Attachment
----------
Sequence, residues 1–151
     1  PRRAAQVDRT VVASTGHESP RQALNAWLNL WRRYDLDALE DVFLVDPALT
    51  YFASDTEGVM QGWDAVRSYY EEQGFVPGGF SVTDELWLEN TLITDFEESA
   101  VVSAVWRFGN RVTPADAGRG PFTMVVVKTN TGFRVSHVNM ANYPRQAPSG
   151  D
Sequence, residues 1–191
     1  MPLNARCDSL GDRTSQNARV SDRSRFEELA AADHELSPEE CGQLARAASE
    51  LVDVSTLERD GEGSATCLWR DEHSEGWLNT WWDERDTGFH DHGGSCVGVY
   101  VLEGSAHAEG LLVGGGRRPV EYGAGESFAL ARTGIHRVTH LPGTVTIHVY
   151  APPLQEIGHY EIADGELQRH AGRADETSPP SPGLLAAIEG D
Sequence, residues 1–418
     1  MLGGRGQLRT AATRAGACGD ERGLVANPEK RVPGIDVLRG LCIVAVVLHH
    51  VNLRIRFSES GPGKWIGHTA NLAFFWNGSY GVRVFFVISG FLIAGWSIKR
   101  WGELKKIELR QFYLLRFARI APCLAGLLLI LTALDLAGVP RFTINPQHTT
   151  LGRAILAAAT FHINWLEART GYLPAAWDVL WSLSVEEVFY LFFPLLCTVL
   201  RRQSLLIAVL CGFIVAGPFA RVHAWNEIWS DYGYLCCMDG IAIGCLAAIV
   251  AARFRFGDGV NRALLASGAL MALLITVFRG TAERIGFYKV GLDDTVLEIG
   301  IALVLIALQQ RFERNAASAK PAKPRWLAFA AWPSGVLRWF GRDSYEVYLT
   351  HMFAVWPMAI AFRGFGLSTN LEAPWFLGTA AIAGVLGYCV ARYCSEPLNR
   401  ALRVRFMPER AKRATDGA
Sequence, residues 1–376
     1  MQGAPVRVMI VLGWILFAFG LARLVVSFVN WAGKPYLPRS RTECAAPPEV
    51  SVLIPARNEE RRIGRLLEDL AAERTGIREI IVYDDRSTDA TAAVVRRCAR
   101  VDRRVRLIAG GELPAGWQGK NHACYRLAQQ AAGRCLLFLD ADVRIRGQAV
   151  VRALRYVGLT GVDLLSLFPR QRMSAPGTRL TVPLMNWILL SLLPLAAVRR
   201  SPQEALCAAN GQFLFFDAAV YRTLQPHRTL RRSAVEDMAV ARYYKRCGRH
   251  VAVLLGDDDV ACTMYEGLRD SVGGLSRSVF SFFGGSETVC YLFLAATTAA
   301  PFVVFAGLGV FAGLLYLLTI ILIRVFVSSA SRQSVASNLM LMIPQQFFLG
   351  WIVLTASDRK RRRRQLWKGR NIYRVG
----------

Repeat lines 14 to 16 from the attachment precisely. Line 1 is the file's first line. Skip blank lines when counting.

   101  WGELKKIELR QFYLLRFARI APCLAGLLLI LTALDLAGVP RFTINPQHTT
   151  LGRAILAAAT FHINWLEART GYLPAAWDVL WSLSVEEVFY LFFPLLCTVL
   201  RRQSLLIAVL CGFIVAGPFA RVHAWNEIWS DYGYLCCMDG IAIGCLAAIV